Uruguay is set to hand the ruling left-wing Broad Front movement a third consecutive term in office as a reward for overseeing a decade of huge economic expansion and steadily diminishing inequality.
The front's presidential candidate Tabaré Vázquez is the clear favourite to win Sunday's run-off after falling just short of an outright majority in last month's first round of voting. Opinion polls during the last week of the campaign showed him on course to win 55 per cent of the vote with his opponent Luis Lacalle Pou of the right-wing National Party trailing with just over 40 per cent.
The front is also expected to add control of the senate to that of the lower house, which it secured in last month’s voting. Since 2005, when it broke a duopoly on power by the country’s two traditional parties lasting almost two centuries, the Front has come to dominate Uruguayan politics. As well as congress it now controls 15 of the country’s 19 departmental governments, expanding its influence from its base in the capital
into small towns and rural regions.
Lacalle Pou has been endorsed by his party’s historic rivals the Colorados, but in the first round the combined vote of the two parties was less than that won by the front, leaving him with an uphill task.
Vázquez has already served a term as president, having been the first leader from the Front sworn into the office in 2005. A doctor from the Socialist Party he famously continued to attend patients while in power.
Denied by law an immediate second term he was succeeded by former guerrilla leader José Mujica. In a region beset by political corruption Mujica went on to win cult status in neighbouring
for his simple lifestyle, which sees him drive to work at the presidential palace in his 1987 Volkswagen Beetle.
Under the two men Uruguay’s economy has quadrupled in size thanks to global demand for its agricultural commodities and policies designed to boost inflows of foreign investment, and Vázquez has committed to keeping economic growth above 3 per cent a year should he return to the presidency.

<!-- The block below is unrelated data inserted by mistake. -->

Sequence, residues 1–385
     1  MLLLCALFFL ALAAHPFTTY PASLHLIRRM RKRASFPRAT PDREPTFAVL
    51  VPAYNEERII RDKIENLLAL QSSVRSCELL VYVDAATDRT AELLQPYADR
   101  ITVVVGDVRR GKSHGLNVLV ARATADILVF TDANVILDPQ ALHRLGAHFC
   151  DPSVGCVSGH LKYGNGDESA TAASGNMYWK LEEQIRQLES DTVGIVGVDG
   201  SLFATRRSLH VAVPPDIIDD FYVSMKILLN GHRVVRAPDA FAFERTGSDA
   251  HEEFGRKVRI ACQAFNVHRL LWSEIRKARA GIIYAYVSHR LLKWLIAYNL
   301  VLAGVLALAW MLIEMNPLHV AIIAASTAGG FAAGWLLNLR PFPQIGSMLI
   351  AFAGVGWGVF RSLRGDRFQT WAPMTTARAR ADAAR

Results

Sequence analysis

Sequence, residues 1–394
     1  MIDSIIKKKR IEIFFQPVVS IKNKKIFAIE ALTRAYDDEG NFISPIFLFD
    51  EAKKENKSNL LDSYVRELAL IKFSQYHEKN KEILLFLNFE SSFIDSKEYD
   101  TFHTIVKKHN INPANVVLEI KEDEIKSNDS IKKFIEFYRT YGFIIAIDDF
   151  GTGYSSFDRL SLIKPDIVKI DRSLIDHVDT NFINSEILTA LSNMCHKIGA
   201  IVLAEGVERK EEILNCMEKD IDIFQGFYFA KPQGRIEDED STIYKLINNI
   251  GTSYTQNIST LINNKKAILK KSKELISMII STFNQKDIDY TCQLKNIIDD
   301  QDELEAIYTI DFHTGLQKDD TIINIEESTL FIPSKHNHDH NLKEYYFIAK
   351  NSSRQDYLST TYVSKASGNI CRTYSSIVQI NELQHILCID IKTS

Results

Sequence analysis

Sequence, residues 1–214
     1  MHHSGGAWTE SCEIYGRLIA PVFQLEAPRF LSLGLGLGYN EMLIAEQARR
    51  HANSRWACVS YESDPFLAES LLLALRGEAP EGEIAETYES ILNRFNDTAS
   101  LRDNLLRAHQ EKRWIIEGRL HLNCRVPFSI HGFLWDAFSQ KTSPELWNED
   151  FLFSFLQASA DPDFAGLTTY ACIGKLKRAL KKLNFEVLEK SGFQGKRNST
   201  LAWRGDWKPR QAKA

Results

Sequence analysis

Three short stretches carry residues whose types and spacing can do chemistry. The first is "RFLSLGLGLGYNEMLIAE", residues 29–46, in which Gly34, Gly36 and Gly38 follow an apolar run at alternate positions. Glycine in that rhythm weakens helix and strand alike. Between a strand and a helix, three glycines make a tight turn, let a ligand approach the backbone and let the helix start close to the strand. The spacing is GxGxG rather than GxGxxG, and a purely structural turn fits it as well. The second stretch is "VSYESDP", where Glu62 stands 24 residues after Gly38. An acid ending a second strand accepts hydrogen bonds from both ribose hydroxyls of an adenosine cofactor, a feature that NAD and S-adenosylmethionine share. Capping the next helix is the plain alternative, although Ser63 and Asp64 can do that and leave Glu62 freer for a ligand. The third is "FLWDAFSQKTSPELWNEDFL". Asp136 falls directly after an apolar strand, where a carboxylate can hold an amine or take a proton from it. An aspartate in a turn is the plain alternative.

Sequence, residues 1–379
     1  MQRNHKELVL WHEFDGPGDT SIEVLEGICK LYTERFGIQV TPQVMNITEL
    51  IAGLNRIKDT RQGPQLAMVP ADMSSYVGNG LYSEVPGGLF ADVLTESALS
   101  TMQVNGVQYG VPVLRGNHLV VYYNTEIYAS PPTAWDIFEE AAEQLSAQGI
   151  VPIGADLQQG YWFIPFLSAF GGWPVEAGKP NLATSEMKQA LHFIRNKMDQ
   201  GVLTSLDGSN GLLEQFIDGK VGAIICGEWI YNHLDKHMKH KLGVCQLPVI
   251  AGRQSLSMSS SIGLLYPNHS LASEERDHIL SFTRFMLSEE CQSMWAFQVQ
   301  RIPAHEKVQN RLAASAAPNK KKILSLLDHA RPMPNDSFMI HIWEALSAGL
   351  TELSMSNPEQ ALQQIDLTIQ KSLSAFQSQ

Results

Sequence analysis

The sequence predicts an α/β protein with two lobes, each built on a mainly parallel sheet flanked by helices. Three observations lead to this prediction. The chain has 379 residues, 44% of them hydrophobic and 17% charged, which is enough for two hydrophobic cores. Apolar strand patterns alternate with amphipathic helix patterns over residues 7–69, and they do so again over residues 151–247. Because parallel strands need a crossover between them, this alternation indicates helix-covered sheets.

One of his main proposals is to drive implementation of a new national care system that will expand and modernise public services for children and retired people. He has called the new system “profoundly revolutionary” and the principle challenge of a third Front government.
Lacalle Pou has sought to run a positive campaign, promising to maintain many of the Front’s policies. Aged 41, he has presented himself as a fresh face from a younger generation than that of Mujica and Váquez, aged 79 and 74 respectively. But as the son of a former president he is identified by many Uruguayans as a member of the country’s old political elite.
Vázquez has spent many of the final weeks of the campaign in the interior in what analysts say is a bid to maximise his vote and thus boost his authority within the Broad Front, where Mujica’s Movement of Popular Participation remains the largest single component.
A diverse coalition which includes Christian Democrats, socialists and communists as well as the former Tupamaro guerrillas of the MPP, the Front decides policy through high levels of internal debate and democracy.
Parties, not persons
“In Uruguay it is parties and not persons who govern,” says political scientist Adolfo Garcé of the University of the Republic in Montevideo. “Rather than a second Vázquez administration this will be the third Broad Front government with a high level of continuity. What changes there are will be less to do with a change of president but rather an evolution in the front’s internal debates.”
That means that, despite his personal reservations, Vázquez is unlikely to reverse the legalisation of marijuana approved by Mujica. The law, which would see Uruguay become the first country whose government will oversee the legal production and sale of the drug, remains controversial and Lacalle Pou has promised to gut it should he win.
As well as marijuana, the Front has also legalised abortion and same-sex marriage, consolidating Uruguay’s position as South America’s most progressive society.